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Curr Biol. 2016 Aug 22;26(16):2079-89. doi: 10.1016/j.cub.2016.06.010. Epub 2016 Jul 21.

MRCK-1 Drives Apical Constriction in C. elegans by Linking Developmental Patterning to Force Generation.

Author information

1
Biology Department, University of North Carolina at Chapel Hill, Chapel Hill, NC 27599, USA; Department of Pharmacology, University of North Carolina School of Medicine, Chapel Hill, NC 27599, USA. Electronic address: dmarston@unc.edu.
2
Biology Department, University of North Carolina at Chapel Hill, Chapel Hill, NC 27599, USA.
3
Department of Cell Biology and Physiology, University of North Carolina School of Medicine, Chapel Hill, NC 27599, USA.
4
Biology Department, University of North Carolina at Chapel Hill, Chapel Hill, NC 27599, USA; Lineberger Comprehensive Cancer Center, University of North Carolina at Chapel Hill, Chapel Hill, NC 27599, USA.
5
Biology Department, Duke University, Durham, NC 27708, USA.

Abstract

Apical constriction is a change in cell shape that drives key morphogenetic events including gastrulation and neural tube formation. Apical force-producing actomyosin networks drive apical constriction by contracting while connected to cell-cell junctions. The mechanisms by which developmental patterning regulates these actomyosin networks and associated junctions with spatial precision are not fully understood. Here we identify a myosin light-chain kinase MRCK-1 as a key regulator of C. elegans gastrulation that integrates spatial and developmental patterning information. We show that MRCK-1 is required for activation of contractile actomyosin dynamics and elevated cortical tension in the apical cell cortex of endoderm precursor cells. MRCK-1 is apically localized by active Cdc42 at the external, cell-cell contact-free surfaces of apically constricting cells, downstream of cell fate determination mechanisms. We establish that the junctional components α-catenin, β-catenin, and cadherin become highly enriched at the apical junctions of apically constricting cells and that MRCK-1 and myosin activity are required in vivo for this enrichment. Taken together, our results define mechanisms that position a myosin activator to a specific cell surface where it both locally increases cortical tension and locally enriches junctional components to facilitate apical constriction. These results reveal crucial links that can tie spatial information to local force generation to drive morphogenesis.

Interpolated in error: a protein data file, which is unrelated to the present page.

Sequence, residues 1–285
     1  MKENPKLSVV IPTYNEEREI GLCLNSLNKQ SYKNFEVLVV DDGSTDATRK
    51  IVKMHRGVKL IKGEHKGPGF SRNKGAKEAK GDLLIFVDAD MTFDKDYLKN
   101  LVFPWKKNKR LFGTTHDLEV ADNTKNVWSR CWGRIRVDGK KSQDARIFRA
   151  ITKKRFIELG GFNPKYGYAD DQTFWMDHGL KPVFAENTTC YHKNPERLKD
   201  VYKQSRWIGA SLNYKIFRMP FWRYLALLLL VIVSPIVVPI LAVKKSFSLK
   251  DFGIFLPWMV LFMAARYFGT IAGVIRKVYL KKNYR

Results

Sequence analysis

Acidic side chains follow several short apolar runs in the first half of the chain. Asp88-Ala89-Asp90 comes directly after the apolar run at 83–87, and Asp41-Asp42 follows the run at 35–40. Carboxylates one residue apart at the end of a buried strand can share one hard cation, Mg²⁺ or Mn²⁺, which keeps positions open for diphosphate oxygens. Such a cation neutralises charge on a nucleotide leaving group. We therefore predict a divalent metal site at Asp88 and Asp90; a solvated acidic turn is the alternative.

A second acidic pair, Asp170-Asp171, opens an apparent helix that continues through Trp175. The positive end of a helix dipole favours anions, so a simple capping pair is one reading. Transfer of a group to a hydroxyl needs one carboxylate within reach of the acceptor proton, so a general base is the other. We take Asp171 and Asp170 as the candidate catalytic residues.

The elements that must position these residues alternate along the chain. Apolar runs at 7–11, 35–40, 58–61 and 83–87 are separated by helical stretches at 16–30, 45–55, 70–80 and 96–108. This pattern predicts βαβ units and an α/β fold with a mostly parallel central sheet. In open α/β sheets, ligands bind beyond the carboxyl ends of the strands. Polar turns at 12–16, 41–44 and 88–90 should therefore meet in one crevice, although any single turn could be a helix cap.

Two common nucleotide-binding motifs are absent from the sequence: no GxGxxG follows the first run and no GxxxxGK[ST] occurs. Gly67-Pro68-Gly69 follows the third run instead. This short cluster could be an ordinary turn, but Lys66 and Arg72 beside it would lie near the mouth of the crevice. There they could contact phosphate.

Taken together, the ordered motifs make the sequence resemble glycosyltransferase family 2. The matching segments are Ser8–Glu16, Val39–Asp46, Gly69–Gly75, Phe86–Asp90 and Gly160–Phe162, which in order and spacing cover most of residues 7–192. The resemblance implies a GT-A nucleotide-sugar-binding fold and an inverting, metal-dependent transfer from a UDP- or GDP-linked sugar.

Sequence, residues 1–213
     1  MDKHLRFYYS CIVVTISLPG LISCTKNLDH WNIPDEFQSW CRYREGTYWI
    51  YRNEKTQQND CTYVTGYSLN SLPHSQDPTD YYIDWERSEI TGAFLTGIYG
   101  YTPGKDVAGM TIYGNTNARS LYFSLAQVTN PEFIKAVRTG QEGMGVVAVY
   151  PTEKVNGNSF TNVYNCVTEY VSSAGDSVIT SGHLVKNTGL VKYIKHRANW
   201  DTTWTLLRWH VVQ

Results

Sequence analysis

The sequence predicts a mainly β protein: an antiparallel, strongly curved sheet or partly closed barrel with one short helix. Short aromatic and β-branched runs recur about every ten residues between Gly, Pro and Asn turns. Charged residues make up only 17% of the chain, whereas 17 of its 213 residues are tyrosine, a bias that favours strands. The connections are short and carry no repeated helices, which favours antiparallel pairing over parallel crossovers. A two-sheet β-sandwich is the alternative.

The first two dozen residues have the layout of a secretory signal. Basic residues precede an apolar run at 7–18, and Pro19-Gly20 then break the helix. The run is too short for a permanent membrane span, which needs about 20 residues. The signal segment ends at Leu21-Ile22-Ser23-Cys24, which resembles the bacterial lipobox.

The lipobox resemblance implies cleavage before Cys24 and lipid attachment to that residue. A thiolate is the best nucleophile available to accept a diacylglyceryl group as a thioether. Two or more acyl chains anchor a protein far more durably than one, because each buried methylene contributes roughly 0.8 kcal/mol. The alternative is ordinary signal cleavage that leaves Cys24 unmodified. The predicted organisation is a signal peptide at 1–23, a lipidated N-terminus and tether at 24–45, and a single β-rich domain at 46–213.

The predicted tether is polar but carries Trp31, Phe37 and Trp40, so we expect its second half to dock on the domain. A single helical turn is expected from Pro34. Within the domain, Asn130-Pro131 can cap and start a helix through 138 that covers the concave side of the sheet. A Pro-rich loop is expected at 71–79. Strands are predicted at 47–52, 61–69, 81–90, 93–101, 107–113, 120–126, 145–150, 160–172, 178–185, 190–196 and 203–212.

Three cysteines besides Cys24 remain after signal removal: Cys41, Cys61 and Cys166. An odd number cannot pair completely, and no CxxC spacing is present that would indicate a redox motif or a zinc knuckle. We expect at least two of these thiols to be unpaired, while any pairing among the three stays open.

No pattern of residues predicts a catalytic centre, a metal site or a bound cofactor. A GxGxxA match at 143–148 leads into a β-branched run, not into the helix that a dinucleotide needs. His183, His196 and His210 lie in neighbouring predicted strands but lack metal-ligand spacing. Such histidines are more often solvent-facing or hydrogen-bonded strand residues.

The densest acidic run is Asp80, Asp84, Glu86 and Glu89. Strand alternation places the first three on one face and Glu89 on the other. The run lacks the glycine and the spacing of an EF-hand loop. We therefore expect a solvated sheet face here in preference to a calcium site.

PMID:
27451898
PMCID:
PMC4996705
DOI:
10.1016/j.cub.2016.06.010
[Indexed for MEDLINE]
Free PMC Article

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